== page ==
With a specific rule on the books since 2002, “the feeling [at Finra is] that it's been long enough ... There's no reason for firms not to [be in compliance],” said Daniel Nathan, a partner at Morrison & Foerster LLP, who formerly was a Finra regional enforcement director.

In addition to having less patience with wayward firms, Finra examiners may have become better at spotting violations, he said.

Finra gave specific warnings in 2008, 2009 and 2010, when it highlighted AML compliance in its exam priority letters for those years.

The increase in cases last year was a bit of a surprise to some observers, as AML violations haven't been an exam priority since 2010.

“The lesson to learn is that just because [AML] is not in the exam priorities letter, it doesn't mean they won't get you for it,” Mr. Ziesman said.

djamieson@investmentnews.com Twitter: @dvjamieson

0
Comments

What do you think?

View comments

Recommended for you

Sponsored financial news

Upcoming Event

Apr 30

Conference

Retirement Income Summit

Join InvestmentNews at the 12th annual Retirement Income Summit - the industry's premier retirement planning conference.Much has changed - and much remains to be learned. Attend and discuss how the future is full of opportunity for ... Learn more

Featured video

INTV

Why some retirement plan advisers think Fidelity is invading their turf

InvestmentNews editor Frederick P. Gabriel Jr. and reporter Greg Iacurci talk about this week's cover story that looks at whether Fidelity Investments is stepping on the toes of retirement plan advisers.

Latest news & opinion

Speculation mounts on whether others will follow UBS' latest move to prevent brokers from leaving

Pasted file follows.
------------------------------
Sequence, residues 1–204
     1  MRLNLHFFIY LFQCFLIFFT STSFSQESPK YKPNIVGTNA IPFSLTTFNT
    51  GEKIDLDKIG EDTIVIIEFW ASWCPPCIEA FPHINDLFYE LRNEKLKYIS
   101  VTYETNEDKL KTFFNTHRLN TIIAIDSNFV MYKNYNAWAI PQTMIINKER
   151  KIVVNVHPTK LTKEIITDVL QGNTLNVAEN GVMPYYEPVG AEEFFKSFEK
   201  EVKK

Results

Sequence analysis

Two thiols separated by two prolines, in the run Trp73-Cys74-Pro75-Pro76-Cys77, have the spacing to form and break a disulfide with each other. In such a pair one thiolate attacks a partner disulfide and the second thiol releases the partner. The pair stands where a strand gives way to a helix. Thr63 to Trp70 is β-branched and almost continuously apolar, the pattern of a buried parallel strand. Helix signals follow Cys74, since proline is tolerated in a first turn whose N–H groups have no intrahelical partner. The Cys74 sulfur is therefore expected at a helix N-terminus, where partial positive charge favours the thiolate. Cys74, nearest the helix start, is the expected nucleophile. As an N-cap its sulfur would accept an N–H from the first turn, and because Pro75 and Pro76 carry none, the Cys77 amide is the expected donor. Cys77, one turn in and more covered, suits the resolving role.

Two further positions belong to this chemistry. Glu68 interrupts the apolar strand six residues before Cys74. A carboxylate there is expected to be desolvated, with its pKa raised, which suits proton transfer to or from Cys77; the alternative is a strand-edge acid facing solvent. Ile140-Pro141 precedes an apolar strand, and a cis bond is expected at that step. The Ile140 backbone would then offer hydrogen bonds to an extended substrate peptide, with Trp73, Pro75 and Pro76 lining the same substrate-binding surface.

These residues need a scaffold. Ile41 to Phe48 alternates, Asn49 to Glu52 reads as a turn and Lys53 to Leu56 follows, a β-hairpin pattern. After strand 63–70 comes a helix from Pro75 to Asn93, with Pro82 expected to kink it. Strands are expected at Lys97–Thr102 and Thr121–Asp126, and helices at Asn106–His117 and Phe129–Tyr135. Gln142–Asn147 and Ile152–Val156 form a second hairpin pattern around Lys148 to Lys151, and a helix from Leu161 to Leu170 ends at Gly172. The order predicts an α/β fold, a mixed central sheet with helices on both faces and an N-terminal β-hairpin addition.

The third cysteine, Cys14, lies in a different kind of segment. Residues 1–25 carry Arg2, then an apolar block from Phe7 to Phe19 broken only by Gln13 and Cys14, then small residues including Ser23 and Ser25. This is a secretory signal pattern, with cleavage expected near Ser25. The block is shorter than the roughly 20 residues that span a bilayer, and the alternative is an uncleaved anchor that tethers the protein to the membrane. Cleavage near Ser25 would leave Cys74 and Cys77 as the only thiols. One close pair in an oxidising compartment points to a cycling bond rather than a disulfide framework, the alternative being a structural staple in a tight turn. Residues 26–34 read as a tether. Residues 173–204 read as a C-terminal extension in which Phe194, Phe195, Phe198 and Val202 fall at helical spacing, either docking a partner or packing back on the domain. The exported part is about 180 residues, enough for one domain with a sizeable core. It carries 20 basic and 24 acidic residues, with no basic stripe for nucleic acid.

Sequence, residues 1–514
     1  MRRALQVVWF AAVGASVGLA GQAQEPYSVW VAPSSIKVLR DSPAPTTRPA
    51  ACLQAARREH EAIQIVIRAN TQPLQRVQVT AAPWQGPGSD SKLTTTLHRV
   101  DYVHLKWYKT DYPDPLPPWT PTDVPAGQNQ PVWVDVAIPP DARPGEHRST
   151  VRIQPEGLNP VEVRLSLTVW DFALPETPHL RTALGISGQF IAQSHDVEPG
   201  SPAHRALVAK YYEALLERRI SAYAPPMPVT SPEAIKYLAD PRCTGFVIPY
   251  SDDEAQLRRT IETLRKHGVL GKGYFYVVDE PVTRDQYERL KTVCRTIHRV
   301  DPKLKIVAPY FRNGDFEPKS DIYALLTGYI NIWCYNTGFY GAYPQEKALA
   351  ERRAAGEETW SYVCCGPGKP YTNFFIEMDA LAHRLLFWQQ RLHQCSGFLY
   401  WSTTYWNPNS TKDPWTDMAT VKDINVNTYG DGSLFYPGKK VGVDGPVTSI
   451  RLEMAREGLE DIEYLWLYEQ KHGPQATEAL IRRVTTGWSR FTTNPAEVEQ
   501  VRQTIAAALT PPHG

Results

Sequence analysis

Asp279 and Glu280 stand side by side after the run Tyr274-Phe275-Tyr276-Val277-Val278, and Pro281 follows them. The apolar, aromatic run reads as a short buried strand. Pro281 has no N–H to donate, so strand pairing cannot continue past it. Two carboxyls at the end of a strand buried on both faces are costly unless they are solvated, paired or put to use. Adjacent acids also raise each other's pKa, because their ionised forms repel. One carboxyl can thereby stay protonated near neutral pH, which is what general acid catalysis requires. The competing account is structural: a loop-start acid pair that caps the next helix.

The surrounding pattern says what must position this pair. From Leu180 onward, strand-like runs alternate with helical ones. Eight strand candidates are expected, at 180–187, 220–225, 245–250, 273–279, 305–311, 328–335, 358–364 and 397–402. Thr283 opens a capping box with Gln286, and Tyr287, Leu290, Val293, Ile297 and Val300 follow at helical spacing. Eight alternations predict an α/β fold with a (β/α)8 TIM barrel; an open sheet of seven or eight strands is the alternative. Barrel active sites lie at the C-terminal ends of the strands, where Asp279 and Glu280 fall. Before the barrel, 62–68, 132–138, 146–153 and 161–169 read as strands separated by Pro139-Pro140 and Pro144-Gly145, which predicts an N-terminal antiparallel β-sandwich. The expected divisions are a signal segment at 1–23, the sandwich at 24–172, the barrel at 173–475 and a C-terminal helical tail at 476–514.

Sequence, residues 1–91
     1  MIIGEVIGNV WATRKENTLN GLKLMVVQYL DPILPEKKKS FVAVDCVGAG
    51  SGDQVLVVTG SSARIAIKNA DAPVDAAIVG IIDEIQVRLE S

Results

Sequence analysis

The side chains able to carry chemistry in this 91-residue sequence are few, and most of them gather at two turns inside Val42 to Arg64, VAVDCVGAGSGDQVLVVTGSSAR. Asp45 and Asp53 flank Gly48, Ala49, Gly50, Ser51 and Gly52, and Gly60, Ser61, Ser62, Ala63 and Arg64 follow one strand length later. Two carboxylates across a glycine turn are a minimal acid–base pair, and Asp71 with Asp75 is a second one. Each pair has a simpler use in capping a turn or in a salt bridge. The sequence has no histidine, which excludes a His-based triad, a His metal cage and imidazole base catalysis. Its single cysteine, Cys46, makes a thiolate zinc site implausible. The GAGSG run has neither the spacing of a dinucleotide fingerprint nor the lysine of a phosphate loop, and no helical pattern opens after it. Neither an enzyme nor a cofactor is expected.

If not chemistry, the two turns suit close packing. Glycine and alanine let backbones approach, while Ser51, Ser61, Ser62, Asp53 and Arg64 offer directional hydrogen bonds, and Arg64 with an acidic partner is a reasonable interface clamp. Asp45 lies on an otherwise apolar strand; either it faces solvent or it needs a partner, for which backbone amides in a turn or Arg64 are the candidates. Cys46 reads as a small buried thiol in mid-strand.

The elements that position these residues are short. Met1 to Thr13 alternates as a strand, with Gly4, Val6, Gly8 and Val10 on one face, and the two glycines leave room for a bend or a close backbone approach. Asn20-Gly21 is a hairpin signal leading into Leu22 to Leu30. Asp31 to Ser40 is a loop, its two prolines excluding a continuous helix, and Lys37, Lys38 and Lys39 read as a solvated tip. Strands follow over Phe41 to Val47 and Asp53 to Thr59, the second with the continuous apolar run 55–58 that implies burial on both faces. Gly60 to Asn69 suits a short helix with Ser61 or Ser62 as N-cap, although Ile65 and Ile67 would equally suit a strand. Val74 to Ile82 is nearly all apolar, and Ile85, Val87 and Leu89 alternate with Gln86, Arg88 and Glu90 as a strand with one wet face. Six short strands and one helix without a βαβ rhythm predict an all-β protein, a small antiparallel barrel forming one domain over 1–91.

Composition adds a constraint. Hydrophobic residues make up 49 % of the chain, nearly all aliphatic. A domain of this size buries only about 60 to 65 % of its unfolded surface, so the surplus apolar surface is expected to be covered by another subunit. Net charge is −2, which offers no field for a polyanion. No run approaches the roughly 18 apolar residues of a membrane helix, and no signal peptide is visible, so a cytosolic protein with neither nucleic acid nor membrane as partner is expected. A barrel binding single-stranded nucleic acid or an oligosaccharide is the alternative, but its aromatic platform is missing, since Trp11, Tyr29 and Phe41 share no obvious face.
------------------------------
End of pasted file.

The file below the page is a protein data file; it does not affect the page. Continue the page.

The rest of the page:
UBS brokers must sign a 12-month non-solicit agreement if they want their 2017 bonuses.

Maryland jumps into fiduciary fray with legislation requiring brokers to act in best interests of clients

Legislation requires brokers to act in the best interests of clients.

8 apps advisers love for getting stuff done

Smartphone apps that advisers are using in 2018 to run their business more efficiently.

Galvin's DOL fiduciary rule enforcement triggers industry plea for court decision

Plaintiffs warned the Fifth Circuit that Massachusetts' move against Scottrade signaled that the partially implemented regulation can raise costs for financial firms.

Social Security underpaid 82% of dually entitled widows and widowers

Agency failed to tell survivors that they could switch to a higher retirement benefit later.

X

Hi! Glad you're here and we hope you like all the great work we do here at InvestmentNews. But what we do is expensive and is funded in part by our sponsors. So won't you show our sponsors a little love by whitelisting investmentnews.com? It'll help us continue to serve you.

Yes, show me how to whitelist investmentnews.com

Ad blocker detected. Please whitelist us or give premium a try.

X

Subscribe and Save 60%

Premium Access
Print + Digital

Learn more
Subscribe to Print